Musa Hilal initially seemed like Khartoum's main Janjaweed commander and favored interlocutor. In 2008 he was named an advisor to the Ministry of Federal Affairs. He was elected to Sudan's parliament as part of Bashir's NCP.[3] But Hilal tried to maintain his power base in Darfur and violently resisted merging his forces into the Rapid Support Forces headed by his rivals. In November 2017 he was arrested by Khartoum and as of early 2019 remained in prison.[4]

Hemeti would in the end prove to be a more adroit power player. The nephew of the traditional chief of the Awlad Mansour section of the Mahariyya clan of the Rizeigat, Hemeti ostensibly worked for NISS after the creation of the RSF in 2013 and reported to a NISS general based in Khartoum.[5] Over time, Hemeti would become more independent of NISS and seems to have been able to play NISS and SAF against each other while giving Sudan's President an autonomous "third option" to use against the much larger army and intelligence services. While creditably accused of human rights abuses and war crimes in Darfur,[6] the RSF also benefited from being used as brutal shock troops at the beck and call of Khartoum beyond Darfur; in 2016, a decree placed them directly under presidential control.[7]

This reputation of being a force that is both essential and expendable, a sort of Praetorian Guard dependent only on the Sudanese head of state, would see the RSF sent to fight in Yemen as part of Sudan's contribution to the Saudi-led coalition effort against Iran-backed Houthi rebels.[8] It is in Yemen that the RSF solidified a connection with then Brigadier Abdel Fattah Burhan. Burhan also had a connection with Sudan's border guards where some of these Darfur Arab paramilitaries had served. Burhan's role as coordinator for the Sudanese war effort in Yemen also placed him in contact with allies in the United Arab Emirates and Saudi Arabia.[9]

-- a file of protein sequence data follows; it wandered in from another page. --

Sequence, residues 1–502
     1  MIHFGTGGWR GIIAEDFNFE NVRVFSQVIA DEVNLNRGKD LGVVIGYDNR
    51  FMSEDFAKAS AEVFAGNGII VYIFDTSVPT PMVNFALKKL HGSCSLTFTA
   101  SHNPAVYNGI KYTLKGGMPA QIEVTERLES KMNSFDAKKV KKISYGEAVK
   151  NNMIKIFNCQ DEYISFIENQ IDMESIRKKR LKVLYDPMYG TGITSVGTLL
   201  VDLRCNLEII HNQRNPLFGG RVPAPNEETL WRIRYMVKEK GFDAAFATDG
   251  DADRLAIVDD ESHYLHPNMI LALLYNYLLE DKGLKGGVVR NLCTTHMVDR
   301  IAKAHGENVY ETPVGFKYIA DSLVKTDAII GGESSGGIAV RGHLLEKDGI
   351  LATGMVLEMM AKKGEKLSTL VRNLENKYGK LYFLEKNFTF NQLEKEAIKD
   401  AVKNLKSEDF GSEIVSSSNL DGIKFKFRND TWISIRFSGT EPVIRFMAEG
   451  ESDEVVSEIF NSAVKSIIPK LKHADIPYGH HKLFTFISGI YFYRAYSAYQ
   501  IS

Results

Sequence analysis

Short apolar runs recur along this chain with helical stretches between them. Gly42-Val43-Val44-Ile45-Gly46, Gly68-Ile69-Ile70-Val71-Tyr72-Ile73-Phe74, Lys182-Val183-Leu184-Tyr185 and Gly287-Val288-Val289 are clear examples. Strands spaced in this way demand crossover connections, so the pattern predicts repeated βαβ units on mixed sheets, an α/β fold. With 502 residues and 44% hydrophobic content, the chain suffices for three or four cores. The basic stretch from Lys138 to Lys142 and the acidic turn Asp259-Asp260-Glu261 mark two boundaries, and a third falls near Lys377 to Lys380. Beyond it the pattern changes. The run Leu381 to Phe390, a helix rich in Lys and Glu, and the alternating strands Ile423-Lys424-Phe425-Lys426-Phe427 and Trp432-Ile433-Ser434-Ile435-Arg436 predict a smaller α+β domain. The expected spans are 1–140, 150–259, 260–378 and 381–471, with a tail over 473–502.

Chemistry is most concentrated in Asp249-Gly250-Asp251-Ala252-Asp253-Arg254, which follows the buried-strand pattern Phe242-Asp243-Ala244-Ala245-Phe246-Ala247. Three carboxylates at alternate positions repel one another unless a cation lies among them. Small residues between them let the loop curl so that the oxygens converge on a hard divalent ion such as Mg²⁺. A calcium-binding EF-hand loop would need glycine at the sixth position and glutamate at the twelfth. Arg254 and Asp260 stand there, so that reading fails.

In contrast with the aloof and arrogant Ibn Awf, Burhan was photographed meeting with demonstrators, at the same time as the RSF openly sided with demonstrators and demanded a stronger position by the interim military council in aligning with the popular will. Less than 48 hours after the removal of Bashir, Burhan would be sworn in as head of the council.[10] Not only would Ibn Awf fall from grace, but also NISS chief Salah Gosh, the onetime master and creator of the RSF, would fall as well.[11] His replacement Shams al-Din al-Kabashi was a graduate of the same batch at Sudan's military college as Burhan. And stunningly sworn in as deputy to Burhan on April 13, ostensibly interim "Vice-President" of the military council was the 46-year old RSF commander Muhamad Hamdan Dagalo "Hemeti."[12] This was an astonishing, meteoric rise to power in less than 10 years, from Darfuri Arab paramilitary field commander to ostensibly the second most powerful position in Sudan.

Given the volatile political situation in Sudan, there is no guarantee that the correlation of forces in place right now will last. Sudan is a political and economic basket case and will face difficult times even with a competent civilian government, should one emerge. The masses have seen the beginnings of change and clearly want much more. It is not clear how long the surprising honeymoon between the new military leadership, including the RSF, and demonstrators will last. And there is no guarantee that it will all not end in tears, although Western diplomats have begun meeting with Hemeti, and the UAE and Saudi Arabia have promised new assistance to Sudan. But in the end, the brutal henchmen that Khartoum had unleashed to bloodily impose its will in Darfur would turn against him and help give Sudan a chance – how much of a chance is still unclear – for a better future.


* Alberto M. Fernandez is President of Middle East Broadcasting Networks (MBN). The views expressed herein are solely those of the author and do not necessarily reflect the official views of the U.S. Government.


[1], April 11, 2019.

[2], April 12, 2019.

[3], September 10, 2017.

[4], November 27, 2017.

[5], September 9, 2015.

[6], September 9, 2019.

[7], November 27, 2017.

[8], October 27, 2017.

[9], April 13, 2019.

[10], April 13, 2019.

[11], April 15, 2019.  

[12], April 13, 2019.